Made it into Glenwood Springs, which is a pretty little town.   Found the hostel, despite the fact that the woman at the front desk couldn't give directions for beans.  Explain to me why people who work in lodgings (hotels, etc.) are often the WORST at giving directions to their place of business?  I often hear "well, gosh, I'm not sure how to get here from the interstate because I don't come to work that way" or something similar.  I can't possibly be the first person who's called them to ask for directions....

Anyways, the hostel was more of the "funky" variety.  Multi-hued, more foreign guests (many doing the hiking/biking Colorado thing), big pillows, funky lamps, that sort of thing.  Don't care.  The beds were decent, the shower was hot.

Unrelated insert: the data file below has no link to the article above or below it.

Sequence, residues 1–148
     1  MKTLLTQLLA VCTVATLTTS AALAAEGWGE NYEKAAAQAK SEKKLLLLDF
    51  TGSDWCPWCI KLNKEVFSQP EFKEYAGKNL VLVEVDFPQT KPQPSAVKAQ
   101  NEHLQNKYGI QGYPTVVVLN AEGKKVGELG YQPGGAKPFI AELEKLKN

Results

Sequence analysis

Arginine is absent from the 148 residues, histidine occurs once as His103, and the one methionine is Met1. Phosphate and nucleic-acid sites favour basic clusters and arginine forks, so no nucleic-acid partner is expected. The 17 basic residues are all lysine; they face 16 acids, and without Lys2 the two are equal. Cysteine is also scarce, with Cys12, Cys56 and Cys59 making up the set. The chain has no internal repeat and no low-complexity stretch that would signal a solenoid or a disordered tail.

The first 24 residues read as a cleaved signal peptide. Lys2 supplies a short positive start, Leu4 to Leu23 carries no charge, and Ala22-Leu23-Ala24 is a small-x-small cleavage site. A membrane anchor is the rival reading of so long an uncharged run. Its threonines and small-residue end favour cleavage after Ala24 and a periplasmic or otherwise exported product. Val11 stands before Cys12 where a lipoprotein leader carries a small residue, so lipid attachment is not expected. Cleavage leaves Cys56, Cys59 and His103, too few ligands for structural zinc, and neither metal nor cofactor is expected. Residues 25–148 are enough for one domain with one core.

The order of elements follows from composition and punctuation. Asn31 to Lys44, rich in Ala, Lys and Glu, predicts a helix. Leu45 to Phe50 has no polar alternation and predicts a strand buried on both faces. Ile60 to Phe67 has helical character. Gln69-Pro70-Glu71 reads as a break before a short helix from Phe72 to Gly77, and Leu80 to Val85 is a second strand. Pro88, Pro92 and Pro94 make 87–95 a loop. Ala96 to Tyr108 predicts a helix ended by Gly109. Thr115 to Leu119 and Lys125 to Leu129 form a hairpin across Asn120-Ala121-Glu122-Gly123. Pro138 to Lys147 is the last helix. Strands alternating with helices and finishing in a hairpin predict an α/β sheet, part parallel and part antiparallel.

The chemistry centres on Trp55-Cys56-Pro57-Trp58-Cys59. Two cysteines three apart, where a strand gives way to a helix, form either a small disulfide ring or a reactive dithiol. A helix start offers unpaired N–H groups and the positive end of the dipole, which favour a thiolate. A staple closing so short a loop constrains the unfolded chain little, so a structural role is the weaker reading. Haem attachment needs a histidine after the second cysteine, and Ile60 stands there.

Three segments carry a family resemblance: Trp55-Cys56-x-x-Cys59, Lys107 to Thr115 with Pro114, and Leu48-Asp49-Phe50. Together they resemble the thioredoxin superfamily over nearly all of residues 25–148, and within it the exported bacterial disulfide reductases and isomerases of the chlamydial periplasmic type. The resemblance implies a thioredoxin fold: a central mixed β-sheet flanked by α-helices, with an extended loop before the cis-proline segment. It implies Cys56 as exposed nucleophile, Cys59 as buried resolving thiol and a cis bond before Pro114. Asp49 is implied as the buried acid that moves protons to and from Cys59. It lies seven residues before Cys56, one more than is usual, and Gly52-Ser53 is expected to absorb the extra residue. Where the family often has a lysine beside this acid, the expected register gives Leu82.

From there, the next day, it was only a 3-hour drive into Denver.  Only on this trip would I use "only" and "3-hour drive" in the same sentence.  My perspective on long distances has been altered by this trip.

The poor ol' Jeep had the most trouble with the mountains coming into Denver.  I'd been driving at 4,000 - 10,000 feet the last few days and I think the Jeep was just about sick of it.  It was really groaning getting up the last of some of these inclines.

And then you come down the side of the Rockies right into the plains.  That's it.  No transition.  You were in the Rockies and now, for all intents and purposes, it's KansasDenver hugs the line between the two.